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Pa.: Whistleblower Bills Signed into Law
 

By Rosemarie Lally  8/20/2014
 

Legislation designed to expand whistleblower protections to cover employees of government contractors unanimously passed the Pennsylvania General Assembly on June 28, followed by the unanimous passage one day later of a similar measure to extend protections to employees of the state legislature.

Both bills were signed into law on July 2 by Gov. Tom Corbett and will go into effect Aug. 31.

The first measure, House Bill 118, protects employees of private, for-profit companies and nonprofits who report the waste of public money by their employers. The law amends the definitions of “employee,” “employer,” and “good faith report.”

Further, the new law states that an employer may not “discharge, threaten or otherwise discriminate or retaliate against an employee regarding the employee’s compensation, terms, conditions, location or privileges of employment because the employee or a person acting on behalf of the employee makes a good faith report or is about to report, verbally or in writing to the employer or appropriate authority an instance of wrongdoing or waste by a public body or an instance of waste by any other employer.”

The legislation increases the fine an employer can face for wrongful retaliation against a whistleblowing employee from $500 to $10,000 and also allows for suspension from public service for up to seven years, except in the case of a publicly elected official. The current whistleblower law permits suspensions of only up to six months.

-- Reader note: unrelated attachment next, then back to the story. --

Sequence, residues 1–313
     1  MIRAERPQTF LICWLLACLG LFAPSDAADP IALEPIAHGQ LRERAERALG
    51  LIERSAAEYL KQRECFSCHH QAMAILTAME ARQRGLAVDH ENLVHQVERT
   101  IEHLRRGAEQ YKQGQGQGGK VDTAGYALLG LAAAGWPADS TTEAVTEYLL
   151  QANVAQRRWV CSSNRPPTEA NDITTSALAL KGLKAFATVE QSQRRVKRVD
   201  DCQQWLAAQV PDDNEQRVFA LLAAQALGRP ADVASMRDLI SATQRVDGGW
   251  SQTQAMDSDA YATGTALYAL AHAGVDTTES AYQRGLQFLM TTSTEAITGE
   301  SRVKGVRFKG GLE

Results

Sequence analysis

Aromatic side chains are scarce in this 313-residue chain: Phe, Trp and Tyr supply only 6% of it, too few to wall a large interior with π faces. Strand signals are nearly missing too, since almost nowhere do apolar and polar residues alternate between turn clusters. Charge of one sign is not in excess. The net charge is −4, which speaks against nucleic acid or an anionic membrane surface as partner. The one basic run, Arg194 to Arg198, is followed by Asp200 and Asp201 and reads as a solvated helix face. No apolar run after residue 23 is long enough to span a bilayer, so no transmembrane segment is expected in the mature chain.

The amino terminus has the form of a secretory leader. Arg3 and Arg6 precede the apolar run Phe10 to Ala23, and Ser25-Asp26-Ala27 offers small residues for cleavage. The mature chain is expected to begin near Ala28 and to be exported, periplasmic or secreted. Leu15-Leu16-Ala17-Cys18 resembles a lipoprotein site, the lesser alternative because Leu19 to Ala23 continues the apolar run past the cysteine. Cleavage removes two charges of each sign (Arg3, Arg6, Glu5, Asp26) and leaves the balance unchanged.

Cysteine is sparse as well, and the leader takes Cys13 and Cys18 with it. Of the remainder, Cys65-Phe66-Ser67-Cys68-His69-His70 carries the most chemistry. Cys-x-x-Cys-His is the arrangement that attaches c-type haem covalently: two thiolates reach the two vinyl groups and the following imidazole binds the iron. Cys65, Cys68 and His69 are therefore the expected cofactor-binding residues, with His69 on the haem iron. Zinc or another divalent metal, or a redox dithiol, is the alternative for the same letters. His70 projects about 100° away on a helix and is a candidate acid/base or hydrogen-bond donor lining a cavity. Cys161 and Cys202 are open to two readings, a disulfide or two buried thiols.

The measure won initial approval from the state’s House of Representatives shortly after its introduction in January 2013 but has spent the past year tied up in the Senate Labor and Industry Committee. The Senate, after amending the bill to preserve an employer’s ability to take disciplinary action against a worker who has submitted a claim in bad faith, voted unanimously for its passage on June 27.

The second measure, House Bill 185, extends whistleblower protections to employees of the General Assembly and its agencies who make good faith reports about waste, fraud or abuse. The legislation increases the civil fine for wrongful retaliation from $500 to $10,000, but holds the suspension from public service to six months for anyone found in violation of the law.

House Bill 185 also preserves the right of an employer to take disciplinary action against an employee who submitted a whistleblowing report in bad faith.

Rosemarie Lally, J.D., is a freelance legal writer and editor based in Washington, D.C.

 

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